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FCC Releases Draft Order to Protect National Security from Chinese Espionage

On October 29, 2019, the FCC released draft Order and Further Notice of Proposed Rulemaking as part of a "permit-but-disclose" proceeding. This document would ensure the following:

  • Prohibit the use of USF funds to purchase equipment from a company that poses a national security threat to the U.S communications network (known as covered companies).

  • Designate Huawei Technologies Company and ZTE Corporation as covered companies.

  • Require USF recipients to remove existing equipment bought from covered companies.

  • Require ETCs to remove covered equipment in the event that they will be reimbursed.

  • Analyze ETCs' current possession of covered equipment and deduce the costs to remove such equipment.

The FCC proposed this draft in an attempt to safeguard the security of America's communications infrastructure from foreign surveillance and denial of service attacks. According to the FCC, threats to our networks have increased due to ubiquitous broadband, mobile devices, and IoT.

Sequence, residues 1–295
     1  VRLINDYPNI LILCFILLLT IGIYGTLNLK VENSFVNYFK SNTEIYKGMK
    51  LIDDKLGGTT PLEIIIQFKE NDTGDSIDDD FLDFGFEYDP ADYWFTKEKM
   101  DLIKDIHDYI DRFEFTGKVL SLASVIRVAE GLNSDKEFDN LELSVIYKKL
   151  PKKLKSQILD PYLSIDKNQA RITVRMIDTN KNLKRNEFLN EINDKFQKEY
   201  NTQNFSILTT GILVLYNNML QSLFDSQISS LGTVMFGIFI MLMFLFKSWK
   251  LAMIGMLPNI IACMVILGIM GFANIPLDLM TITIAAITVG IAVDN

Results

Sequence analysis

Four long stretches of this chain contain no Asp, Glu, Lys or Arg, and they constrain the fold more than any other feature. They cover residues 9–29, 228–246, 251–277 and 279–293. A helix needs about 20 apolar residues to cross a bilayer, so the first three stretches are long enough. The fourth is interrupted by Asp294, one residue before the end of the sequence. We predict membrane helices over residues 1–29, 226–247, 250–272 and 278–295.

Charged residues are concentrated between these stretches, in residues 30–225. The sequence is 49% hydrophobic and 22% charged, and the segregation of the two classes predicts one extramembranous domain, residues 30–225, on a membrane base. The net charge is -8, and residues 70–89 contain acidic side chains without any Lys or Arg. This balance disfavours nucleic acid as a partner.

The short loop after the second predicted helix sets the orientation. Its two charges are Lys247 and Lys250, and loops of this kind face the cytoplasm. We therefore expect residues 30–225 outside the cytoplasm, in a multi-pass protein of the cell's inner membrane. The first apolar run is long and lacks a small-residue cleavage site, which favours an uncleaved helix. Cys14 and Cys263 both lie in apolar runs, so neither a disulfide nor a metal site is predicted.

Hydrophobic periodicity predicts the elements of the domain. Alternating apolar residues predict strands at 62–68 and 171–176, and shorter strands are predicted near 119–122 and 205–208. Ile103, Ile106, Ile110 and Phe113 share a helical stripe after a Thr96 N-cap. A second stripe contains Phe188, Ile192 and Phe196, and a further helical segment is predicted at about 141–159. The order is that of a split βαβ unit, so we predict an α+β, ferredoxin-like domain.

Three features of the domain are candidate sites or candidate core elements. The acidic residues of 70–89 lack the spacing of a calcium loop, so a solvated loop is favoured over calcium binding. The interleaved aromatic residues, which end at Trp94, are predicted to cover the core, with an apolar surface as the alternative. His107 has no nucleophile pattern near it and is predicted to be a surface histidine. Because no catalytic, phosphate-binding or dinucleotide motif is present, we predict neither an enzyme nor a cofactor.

Within the document, the FCC cites lawmakers' concerns regarding Chinese telecommunications equipment manufacturers, whom they believe might be financed by the Chinese government and subject to the Chinese military. If this were true, lawmakers worry that their military and/or government could manipulate switches, routers, and software in American telecommunications devices to disrupt or intercept our communications.

An October 2012 investigative report issued by the House Permanent Select Committee on Intelligence concluded that Huawei and ZTE have had ties to the Chinese government in the past and recommended the U.S. government exclude equipment from these companies in their systems.

The FCC has banned equipment purchased from Chinese companies Huawei and ZTE, who offer 5G compatible phones to users across the globe. Earlier this month, China launched its 5G network, the largest in the world, and Huawei signed 60 commercial 5G contracts with carriers around the world. The company has denied the FCC's accusations of security threats and views the United States' efforts to blacklist it as an attempt to gain control of the 5G revolution.

According to FCC Chairman Ajit Pai, however, this has less to do with control and more to do with the possibility that China will create a second internet, one more heavily censored. This, he says, would be disastrous for users.


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